Thus, SCAF's decision last February to stop enforcing the law was cheered by the Egyptian street, but after an attack on the Israeli Embassy in Cairo in September, it was not only brought back into force but its provisions were widened to encompass offenses such as broadcasting "false news" or "rumors."
Amnesty maintained that detainees it has interviewed say they were tortured or ill-treated while in custody, subject to beatings and electric shocks. No independent, impartial and thorough investigations are known to have been conducted into allegations or complaints of torture, the report said. In August, SCAF said 12,000 civilians had faced or were facing military trials.
Haddadi said Amnesty's only direct contacts with SCAF were last June when a delegation visited Egypt. He said officials defended their human rights practices, including military trials, on the grounds that they were fair.
The Amnesty report comes amid growing concern that the high hopes for the Arab Spring as a catalyst for democracy and civil rights in the Middle East and North Africa are diminishing. Many Tunisians are concerned that democracy is bringing to power Islamists who will impose strictures on women and secular people. In Bahrain, the government has put down protest via mass arrests while in Libya human rights groups have expressed concern about the treatment of imprisoned Al-Qaddafi loyalists and African migrants.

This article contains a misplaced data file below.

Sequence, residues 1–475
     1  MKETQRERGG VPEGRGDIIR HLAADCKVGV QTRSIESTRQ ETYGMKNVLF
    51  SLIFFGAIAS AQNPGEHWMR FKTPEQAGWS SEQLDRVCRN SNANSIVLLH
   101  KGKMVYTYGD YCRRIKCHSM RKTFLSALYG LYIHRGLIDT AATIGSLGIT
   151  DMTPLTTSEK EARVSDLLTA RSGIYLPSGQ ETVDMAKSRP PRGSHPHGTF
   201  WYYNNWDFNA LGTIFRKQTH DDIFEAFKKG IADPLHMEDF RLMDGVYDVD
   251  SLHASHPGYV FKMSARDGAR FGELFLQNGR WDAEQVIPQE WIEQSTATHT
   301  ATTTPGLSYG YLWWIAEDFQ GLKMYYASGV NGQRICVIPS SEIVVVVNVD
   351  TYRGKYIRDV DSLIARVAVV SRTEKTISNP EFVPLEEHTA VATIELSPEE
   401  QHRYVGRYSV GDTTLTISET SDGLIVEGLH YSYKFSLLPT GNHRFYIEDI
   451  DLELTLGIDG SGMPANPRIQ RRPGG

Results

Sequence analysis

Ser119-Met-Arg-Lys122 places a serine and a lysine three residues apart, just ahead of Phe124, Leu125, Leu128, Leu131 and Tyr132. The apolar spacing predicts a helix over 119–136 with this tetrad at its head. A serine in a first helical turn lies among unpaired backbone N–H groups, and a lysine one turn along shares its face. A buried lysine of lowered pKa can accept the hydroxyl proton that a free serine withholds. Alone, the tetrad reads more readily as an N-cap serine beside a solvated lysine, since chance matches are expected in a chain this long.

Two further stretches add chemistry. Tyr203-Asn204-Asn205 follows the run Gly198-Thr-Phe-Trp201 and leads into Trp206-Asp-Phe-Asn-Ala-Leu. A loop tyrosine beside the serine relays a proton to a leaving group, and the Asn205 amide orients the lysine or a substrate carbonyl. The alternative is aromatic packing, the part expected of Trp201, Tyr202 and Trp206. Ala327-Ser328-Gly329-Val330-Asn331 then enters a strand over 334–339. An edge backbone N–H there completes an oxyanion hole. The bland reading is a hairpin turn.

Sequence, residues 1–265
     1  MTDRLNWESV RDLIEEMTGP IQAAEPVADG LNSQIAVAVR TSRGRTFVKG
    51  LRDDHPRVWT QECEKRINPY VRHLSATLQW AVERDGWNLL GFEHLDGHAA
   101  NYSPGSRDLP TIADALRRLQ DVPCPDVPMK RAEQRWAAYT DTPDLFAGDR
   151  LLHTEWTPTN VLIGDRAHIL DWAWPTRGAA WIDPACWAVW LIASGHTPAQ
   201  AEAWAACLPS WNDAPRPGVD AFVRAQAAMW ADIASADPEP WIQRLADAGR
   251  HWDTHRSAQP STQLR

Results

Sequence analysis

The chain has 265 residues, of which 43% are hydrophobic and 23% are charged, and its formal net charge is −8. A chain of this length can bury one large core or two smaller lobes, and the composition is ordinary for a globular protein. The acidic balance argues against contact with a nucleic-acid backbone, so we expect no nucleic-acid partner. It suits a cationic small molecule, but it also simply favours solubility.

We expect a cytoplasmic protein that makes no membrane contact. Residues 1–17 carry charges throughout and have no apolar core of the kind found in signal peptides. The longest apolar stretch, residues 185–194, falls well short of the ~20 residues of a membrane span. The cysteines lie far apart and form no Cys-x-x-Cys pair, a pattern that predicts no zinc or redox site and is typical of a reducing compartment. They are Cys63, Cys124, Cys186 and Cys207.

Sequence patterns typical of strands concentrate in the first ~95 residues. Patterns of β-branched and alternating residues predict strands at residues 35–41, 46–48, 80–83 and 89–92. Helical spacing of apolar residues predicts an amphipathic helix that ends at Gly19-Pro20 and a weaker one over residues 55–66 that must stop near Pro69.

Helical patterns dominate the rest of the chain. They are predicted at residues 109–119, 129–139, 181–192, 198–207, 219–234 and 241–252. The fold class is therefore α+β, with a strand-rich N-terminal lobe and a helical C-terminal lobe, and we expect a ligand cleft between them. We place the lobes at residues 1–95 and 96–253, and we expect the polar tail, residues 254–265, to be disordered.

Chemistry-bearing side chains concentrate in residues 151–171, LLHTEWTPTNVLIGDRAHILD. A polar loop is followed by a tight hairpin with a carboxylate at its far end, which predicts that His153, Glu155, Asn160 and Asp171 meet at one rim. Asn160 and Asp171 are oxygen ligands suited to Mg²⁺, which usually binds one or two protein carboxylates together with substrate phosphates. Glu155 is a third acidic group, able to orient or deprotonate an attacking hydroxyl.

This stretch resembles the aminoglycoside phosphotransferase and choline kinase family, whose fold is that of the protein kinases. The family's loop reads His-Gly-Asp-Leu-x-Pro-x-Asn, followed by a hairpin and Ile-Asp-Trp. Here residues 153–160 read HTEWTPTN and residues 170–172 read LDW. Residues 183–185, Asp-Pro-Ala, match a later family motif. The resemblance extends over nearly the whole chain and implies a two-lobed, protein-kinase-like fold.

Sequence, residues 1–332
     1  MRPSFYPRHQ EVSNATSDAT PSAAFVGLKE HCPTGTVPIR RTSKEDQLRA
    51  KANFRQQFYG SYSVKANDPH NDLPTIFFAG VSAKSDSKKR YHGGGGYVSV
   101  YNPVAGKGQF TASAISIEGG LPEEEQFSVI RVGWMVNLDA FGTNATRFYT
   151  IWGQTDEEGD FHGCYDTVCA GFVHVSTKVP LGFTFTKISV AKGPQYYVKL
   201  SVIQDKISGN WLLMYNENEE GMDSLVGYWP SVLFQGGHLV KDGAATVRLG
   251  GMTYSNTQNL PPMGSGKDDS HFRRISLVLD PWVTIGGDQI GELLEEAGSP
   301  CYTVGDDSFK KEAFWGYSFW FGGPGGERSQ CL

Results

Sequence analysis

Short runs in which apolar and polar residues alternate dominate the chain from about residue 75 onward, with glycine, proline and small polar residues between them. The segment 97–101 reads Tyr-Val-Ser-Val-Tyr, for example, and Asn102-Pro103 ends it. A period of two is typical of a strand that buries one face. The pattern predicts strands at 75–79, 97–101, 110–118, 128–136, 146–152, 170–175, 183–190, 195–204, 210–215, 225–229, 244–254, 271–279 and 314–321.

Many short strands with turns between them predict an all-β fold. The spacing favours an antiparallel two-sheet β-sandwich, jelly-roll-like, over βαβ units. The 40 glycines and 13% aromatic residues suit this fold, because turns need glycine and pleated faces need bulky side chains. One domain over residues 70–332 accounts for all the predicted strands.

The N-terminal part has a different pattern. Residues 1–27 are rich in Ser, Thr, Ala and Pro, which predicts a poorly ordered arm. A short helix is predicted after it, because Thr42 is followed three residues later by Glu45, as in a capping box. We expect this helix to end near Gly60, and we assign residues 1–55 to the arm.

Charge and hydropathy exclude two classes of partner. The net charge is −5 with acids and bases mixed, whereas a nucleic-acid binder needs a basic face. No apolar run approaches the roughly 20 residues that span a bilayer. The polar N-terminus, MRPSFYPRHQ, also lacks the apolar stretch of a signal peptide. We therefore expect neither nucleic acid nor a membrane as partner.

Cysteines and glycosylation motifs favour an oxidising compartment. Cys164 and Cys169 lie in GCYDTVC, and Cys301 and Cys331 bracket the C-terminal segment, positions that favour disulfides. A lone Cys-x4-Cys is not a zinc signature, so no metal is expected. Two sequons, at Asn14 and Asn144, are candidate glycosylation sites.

SCAF has defended the human rights rollback in Egypt as necessary to contain lawlessness that disrupts the lives of ordinary Egyptians and undermines the economy. But Mohamed Zaree, program manager at the Cairo Institute for Human Rights Studies, termed SCAF's human rights a "failure."
"Everyone was expecting SCAF to end the [human rights] violations of the past, but it seems to have committed more violation than during the 30 years of the Mubarak regime. We have about 13,000 civilians that have been brought in front of military courts," Zaree told The Media Line.
While Zaree said he expected the election scheduled for next Monday to go ahead as planned, he suspects the generals plan to remain a behind-the-scene power in Egypt even after a new president and parliament take office.
Other human rights trouble spots identified by Amnesty include arbitrary restrictions on the mainstream and social media as well as non-government organizations (NGOs).
Criticism of the military has been effectively banned, which has led to arrests and trials of journalists and bloggers. Newspapers have been confiscated and television news bureaus, including the local Al-Jazeera unit, have been raided and ordered shut.